How laypeople understand the economy

David Leiser, Zeev Krill

Research output: Chapter in Book/Report/Conference proceedingChapterpeer-review

3 Scopus citations

Abstract

This chapter describes the main cognitive challenges presented by economic theory, and discusses the Good-Begets-Good (GBG) heuristic and how it enables non-economists to interpret the economy. It also describes the contribution of metaphors and the dangers of using them to understand economic issues. The chapter then discusses lay knowledge regarding macroeconomics, centring the discussion around the concept of inflation. It shows how it is understood, with a restricted scope; how people perceive the relation between inflation and unemployment; how relations between macroeconomics variables are understood in general, on the basis of the GBG heuristic; and discusses macroeconomic consequences. The GBG heuristic means that the public perceives the economic situation in a simplistic manner, as improving or deteriorating, and this generates waves of optimism or pessimism The ‘Phillips curve’ states that there is an inverse relationship (a ‘trade-off’) between the rate of unemployment and the rate of inflation in an economy.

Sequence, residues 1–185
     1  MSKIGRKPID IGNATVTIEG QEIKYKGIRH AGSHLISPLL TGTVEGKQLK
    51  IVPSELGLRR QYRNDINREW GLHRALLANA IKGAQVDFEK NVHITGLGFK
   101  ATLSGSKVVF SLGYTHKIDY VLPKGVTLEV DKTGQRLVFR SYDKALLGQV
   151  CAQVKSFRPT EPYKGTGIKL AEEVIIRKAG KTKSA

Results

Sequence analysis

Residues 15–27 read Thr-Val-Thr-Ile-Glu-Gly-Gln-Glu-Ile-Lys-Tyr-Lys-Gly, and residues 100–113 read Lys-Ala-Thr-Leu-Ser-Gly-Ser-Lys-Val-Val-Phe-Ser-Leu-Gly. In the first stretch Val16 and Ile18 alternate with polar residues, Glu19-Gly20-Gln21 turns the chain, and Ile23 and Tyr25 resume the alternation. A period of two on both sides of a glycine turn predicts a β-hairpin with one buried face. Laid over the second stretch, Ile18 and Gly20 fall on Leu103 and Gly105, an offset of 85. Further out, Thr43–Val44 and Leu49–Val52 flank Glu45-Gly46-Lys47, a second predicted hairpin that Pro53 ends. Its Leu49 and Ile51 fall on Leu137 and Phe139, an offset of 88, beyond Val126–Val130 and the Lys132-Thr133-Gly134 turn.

Original languageEnglish
Title of host publicationEconomic Psychology
PublisherJohn Wiley and Sons Inc.
Pages139-154
Number of pages16
ISBN (Electronic)9781118926352
ISBN (Print)9781118926345
DOIs
StatePublished - 1 Jan 2017

Keywords

  • Economic issues
  • Good-Begets-Good heuristic
  • Inflation
  • Macroeconomic consequences
  • Metaphors
  • Phillips curve

ASJC Scopus subject areas

  • Business, Management and Accounting (all)
  • Economics, Econometrics and Finance (all)

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